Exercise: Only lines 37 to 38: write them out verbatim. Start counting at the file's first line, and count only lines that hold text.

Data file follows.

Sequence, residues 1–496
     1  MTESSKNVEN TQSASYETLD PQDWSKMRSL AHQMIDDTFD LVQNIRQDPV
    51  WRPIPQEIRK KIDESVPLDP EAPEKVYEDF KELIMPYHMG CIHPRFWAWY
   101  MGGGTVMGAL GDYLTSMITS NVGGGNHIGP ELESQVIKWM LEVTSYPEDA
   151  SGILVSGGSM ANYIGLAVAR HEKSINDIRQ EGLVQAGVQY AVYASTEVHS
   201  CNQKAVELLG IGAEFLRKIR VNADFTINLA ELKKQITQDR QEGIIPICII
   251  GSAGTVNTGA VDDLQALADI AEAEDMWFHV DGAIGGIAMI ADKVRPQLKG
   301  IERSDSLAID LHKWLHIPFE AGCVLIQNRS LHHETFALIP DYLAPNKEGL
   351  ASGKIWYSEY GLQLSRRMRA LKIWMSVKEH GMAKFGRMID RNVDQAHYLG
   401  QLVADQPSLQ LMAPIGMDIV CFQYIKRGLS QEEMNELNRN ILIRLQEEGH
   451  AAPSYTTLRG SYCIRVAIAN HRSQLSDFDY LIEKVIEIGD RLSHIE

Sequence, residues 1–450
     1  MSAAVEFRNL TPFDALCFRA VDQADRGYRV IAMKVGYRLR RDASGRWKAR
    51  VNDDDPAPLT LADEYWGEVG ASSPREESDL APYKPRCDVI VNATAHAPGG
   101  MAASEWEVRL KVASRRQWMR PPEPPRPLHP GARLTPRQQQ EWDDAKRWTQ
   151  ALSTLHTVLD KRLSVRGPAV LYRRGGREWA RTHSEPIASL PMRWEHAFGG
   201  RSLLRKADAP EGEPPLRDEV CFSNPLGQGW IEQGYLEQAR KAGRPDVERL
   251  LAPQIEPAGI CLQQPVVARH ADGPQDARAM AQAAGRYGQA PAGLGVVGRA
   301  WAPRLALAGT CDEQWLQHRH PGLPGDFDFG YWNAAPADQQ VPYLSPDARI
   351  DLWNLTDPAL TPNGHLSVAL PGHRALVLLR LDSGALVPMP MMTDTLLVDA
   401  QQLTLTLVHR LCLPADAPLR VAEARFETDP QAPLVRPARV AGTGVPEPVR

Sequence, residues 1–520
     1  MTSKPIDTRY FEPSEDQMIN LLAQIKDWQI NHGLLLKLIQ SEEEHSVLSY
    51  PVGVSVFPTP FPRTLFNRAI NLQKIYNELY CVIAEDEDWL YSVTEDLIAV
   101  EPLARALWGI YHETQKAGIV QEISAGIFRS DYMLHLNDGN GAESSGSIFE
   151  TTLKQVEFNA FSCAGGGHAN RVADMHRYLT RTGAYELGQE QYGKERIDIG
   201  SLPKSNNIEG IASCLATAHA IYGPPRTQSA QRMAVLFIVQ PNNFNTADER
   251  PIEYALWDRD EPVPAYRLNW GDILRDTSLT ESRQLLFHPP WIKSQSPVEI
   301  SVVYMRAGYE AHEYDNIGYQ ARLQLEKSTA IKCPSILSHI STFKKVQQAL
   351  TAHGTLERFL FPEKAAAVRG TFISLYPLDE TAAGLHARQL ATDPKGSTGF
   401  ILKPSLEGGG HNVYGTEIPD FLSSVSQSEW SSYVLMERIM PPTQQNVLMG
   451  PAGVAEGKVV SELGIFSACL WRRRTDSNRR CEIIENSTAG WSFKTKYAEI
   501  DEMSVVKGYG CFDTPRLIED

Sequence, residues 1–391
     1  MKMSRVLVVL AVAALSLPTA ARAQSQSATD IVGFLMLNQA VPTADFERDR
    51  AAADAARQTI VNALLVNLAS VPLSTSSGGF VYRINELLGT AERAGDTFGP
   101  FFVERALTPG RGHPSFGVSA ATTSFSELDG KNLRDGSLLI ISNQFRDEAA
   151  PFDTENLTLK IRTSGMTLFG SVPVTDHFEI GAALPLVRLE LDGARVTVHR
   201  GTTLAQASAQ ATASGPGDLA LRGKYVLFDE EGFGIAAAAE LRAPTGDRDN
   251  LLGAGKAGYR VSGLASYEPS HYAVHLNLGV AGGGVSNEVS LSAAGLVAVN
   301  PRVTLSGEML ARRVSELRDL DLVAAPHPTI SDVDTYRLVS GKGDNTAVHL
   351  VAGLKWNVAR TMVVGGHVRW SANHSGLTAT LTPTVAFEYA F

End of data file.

   101  FFVERALTPG RGHPSFGVSA ATTSFSELDG KNLRDGSLLI ISNQFRDEAA
   151  PFDTENLTLK IRTSGMTLFG SVPVTDHFEI GAALPLVRLE LDGARVTVHR